Wreck and Recovery

Philanthropy

BY BRITTANY MATTIE SRQ DAILY WEDNESDAY PHILANTHROPY EDITION WEDNESDAY JAN 31, 2018

Every resident in our region faced their own challenges and perils in the wake of Hurricane Irma. Even though we did not experience the brunt of the full storm, the significant fallout, physical damage and power outages left the region anxious, roofless and literally, in the dark. We braced for the worst, we hoped for the best and we counted our blessings when we came out of it reasonably unscathed compared to the predicted alternative. A great sense of relief permeated throughout this entire community.  But what about the unforeseen issues that continued to plague the community after the life-threatening scare of a Category 4 hurricane? Since safety was not guaranteed, many residents were forced to take crucial and expensive precautions to safeguard their homes and families from the unknown. And many lost income from an extended period when businesses closed down. Despite the comparatively favorable outcome, action was still needed to support the region’s recovery process.

The Community Foundation of Sarasota County never missed a beat. They created the Hurricane Irma Relief & Recovery Fund in early September as a response to Irma’s projected path to secure a place for funding. Donations were collected locally as well as nationwide, from individuals, businesses and other funders who wanted to support the community during the crisis. Immediately following Irma, the Community Foundation sent out a survey to more than 600 local nonprofits to assess their needs related to recovery from the storm. The response caused a follow-up grant application sent in December inviting nonprofits to request funding for hurricane-related expenses. A committee made up of CFSC staff, board members and district leaders met to review and make recommendations for allocating that funding. Particular emphasis was put on requests that focused on long-term resolutions and preparedness for future disasters.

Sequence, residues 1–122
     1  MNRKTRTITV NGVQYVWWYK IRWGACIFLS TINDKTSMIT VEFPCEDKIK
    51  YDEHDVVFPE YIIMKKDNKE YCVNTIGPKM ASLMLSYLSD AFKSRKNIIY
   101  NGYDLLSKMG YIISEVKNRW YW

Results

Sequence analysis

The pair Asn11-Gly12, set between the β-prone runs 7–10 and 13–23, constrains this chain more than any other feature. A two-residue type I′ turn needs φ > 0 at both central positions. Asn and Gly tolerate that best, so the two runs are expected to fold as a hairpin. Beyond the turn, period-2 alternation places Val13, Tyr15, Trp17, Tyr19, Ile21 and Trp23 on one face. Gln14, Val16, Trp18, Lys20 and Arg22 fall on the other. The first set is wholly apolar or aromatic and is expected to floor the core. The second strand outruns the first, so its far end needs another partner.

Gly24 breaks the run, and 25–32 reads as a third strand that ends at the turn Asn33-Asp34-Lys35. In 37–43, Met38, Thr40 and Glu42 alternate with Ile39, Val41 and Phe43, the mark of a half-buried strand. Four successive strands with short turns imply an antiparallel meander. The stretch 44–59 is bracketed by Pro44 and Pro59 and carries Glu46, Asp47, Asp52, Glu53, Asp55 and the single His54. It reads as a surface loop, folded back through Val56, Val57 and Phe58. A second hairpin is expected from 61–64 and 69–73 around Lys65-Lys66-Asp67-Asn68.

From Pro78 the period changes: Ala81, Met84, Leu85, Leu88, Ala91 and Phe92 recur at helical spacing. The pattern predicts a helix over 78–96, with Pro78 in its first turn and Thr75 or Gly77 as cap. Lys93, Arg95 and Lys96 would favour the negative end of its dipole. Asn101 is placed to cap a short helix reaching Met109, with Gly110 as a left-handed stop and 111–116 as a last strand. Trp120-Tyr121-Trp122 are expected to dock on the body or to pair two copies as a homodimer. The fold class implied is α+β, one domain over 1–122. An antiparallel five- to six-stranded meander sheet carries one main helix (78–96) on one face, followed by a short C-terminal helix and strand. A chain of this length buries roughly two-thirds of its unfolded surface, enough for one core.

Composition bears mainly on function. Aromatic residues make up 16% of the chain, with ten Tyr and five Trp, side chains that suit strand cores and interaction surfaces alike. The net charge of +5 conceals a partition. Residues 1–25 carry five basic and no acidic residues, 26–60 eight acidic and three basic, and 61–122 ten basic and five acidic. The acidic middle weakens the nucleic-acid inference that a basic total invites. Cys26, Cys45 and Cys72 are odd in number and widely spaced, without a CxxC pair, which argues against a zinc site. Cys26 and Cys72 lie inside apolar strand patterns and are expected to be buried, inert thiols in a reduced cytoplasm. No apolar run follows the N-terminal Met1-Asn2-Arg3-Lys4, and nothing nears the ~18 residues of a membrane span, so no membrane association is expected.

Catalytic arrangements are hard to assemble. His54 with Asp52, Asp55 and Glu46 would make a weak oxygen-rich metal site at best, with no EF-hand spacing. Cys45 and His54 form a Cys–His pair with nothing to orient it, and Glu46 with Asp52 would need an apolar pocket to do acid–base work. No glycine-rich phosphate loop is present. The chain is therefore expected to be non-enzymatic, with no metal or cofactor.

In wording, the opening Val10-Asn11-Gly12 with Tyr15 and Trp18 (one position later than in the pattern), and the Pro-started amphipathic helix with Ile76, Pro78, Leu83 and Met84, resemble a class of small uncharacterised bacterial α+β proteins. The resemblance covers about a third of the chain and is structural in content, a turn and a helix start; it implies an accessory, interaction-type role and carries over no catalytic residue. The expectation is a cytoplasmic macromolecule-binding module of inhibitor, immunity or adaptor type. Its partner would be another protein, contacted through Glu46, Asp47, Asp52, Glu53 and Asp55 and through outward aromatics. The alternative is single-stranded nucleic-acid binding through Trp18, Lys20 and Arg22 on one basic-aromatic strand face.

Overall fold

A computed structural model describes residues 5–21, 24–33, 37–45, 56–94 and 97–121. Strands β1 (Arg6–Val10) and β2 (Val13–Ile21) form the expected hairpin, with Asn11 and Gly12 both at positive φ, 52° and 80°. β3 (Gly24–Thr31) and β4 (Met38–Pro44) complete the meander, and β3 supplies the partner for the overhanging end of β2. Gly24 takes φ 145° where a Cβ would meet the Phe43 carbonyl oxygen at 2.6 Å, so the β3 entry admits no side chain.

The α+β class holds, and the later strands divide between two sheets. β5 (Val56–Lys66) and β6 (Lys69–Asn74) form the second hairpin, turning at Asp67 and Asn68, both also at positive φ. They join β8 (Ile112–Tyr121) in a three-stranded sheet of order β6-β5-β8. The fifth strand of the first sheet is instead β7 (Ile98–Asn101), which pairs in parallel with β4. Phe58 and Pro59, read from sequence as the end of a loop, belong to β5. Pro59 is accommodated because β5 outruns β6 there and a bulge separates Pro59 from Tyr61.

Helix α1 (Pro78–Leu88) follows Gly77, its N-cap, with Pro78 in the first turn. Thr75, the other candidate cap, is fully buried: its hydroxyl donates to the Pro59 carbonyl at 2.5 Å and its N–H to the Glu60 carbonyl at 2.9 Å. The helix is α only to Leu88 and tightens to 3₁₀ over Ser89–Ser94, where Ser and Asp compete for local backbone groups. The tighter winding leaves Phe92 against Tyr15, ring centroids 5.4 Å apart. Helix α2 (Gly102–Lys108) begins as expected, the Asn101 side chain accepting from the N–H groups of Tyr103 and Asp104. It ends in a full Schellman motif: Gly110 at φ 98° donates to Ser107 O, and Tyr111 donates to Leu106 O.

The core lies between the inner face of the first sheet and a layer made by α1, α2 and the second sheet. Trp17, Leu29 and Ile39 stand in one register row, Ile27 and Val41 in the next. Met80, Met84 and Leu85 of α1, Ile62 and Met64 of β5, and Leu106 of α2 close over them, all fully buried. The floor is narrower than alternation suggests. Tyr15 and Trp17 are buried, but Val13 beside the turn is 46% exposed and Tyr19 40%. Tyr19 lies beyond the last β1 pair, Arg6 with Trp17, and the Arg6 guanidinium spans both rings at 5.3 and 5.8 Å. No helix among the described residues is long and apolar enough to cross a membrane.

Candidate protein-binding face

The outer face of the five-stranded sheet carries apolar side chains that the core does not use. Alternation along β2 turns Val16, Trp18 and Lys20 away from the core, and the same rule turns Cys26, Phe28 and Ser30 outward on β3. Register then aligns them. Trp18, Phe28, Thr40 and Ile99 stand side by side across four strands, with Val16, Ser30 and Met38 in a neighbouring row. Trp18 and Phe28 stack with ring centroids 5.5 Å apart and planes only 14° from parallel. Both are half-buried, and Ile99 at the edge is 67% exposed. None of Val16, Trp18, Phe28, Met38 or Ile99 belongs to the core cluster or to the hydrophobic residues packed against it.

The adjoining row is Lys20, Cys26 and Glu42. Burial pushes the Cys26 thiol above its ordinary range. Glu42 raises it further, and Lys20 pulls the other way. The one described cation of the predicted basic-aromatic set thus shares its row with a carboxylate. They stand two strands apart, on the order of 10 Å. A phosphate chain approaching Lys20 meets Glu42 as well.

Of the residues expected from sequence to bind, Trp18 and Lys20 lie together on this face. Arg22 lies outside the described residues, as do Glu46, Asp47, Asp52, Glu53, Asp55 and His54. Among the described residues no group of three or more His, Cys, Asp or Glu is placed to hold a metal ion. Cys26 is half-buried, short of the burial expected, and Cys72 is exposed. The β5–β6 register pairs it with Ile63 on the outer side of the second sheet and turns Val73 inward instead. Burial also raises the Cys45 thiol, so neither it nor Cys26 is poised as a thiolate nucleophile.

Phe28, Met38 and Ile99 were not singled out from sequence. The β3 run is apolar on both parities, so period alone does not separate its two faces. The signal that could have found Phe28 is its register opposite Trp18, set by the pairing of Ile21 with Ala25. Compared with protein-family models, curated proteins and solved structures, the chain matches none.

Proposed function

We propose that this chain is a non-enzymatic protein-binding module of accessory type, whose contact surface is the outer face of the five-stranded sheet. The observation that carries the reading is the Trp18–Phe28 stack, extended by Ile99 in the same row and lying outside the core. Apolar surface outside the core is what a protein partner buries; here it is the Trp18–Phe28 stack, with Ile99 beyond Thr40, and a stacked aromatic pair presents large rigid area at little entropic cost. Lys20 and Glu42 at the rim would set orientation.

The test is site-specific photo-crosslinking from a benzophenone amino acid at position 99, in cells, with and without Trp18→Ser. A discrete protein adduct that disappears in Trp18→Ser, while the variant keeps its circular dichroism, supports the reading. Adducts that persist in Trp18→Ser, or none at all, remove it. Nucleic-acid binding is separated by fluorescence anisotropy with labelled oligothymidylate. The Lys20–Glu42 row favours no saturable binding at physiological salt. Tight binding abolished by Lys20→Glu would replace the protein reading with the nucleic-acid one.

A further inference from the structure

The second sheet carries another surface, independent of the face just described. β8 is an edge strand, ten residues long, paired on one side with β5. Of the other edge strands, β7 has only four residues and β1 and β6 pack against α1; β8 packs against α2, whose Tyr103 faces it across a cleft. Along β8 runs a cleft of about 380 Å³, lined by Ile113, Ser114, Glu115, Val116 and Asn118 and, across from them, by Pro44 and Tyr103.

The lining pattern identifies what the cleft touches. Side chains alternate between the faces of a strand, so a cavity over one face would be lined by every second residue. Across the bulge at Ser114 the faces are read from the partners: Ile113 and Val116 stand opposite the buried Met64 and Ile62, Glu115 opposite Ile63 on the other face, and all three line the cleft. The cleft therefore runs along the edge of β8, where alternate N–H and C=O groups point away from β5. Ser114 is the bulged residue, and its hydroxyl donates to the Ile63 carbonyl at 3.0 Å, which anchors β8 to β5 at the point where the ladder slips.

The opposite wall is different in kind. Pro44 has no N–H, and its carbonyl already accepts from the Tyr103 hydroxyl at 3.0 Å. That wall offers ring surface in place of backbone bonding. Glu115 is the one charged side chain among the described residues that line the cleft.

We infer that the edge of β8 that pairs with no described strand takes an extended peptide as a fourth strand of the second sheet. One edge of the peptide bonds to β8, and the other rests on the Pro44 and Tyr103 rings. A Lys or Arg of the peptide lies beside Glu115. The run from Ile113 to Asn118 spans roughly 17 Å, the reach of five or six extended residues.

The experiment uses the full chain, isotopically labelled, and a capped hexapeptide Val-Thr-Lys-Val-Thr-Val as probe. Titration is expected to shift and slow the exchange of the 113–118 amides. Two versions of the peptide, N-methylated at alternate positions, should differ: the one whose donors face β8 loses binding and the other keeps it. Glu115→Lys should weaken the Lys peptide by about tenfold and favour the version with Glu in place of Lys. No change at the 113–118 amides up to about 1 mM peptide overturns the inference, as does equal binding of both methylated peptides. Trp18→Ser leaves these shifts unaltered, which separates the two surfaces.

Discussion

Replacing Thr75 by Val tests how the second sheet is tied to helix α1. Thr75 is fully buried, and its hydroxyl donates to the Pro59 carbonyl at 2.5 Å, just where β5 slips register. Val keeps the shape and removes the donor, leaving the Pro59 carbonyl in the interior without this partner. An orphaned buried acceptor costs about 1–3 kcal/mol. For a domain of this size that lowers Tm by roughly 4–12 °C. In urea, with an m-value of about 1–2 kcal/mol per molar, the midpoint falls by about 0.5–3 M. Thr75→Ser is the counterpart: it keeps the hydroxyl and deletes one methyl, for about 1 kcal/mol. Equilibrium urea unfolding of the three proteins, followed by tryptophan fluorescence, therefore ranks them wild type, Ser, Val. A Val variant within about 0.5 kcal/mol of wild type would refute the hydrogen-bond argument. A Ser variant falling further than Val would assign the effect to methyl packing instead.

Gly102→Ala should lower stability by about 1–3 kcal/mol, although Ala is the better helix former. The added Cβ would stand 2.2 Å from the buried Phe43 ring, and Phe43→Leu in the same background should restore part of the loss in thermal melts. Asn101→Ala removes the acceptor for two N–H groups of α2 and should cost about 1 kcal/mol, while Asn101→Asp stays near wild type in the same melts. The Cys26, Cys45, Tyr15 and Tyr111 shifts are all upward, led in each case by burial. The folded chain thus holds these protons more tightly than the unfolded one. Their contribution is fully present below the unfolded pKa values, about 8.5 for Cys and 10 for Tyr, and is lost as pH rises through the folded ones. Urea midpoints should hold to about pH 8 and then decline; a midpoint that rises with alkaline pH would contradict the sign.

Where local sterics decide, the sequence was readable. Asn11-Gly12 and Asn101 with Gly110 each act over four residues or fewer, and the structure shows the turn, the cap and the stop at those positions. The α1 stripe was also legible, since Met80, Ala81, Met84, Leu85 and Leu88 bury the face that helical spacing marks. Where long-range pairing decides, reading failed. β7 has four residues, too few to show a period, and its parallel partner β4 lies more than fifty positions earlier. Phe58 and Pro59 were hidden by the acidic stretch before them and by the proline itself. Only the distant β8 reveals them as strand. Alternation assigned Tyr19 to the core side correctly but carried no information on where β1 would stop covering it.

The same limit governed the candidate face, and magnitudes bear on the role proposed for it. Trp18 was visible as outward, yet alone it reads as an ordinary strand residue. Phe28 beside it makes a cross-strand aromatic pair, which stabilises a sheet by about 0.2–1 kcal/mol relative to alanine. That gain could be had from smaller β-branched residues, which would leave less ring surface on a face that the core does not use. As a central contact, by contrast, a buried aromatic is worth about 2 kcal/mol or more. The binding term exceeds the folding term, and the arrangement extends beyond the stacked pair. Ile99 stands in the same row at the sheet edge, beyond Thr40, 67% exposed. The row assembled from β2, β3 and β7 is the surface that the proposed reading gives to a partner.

After a long-awaited approval process, the Community Foundation awarded $322,924 in funding to 41 local nonprofit organizations for Hurricane Irma recovery as of last week.

“We wanted to ensure that we kept a pulse on the needs of our local nonprofits, and how they were doing addressing the various needs that arose before, during, and after the storm,” says Roxie Jerde, President and CEO of the Community Foundation. “We are grateful and fortunate that so many stepped up in at a time of need, and contributed to the fund in preparation for what could have been much worse, and now our nonprofits are able to get back on their feet because of it.”

Assistance was provided for expenses including evacuation costs, lost wages, overtime costs, equipment and preparation costs, relief for clients, business property damage and lost revenue. Ultimately, the fund will strengthen the community in its ongoing recovery from the effects of Irma and more importantly, better prepare us for formidable dangers yet to come.


About the Community Foundation of Sarasota County: The Community Foundation is a public charity founded in 1979 by the Southwest Florida Estate Planning Council as a resource for caring individuals and the causes they support, enabling them to make a charitable impact on the community. With assets of over $333 million in more than 1,400 charitable funds, the Community Foundation awarded grants and scholarships totaling more than $33 million dollars this past year in the areas of education, health and human services, the arts, animal welfare, and the environment. Since our founding, more than $217 million has been invested back into the community through grants and scholarships.

Community Foundation of Sarasota

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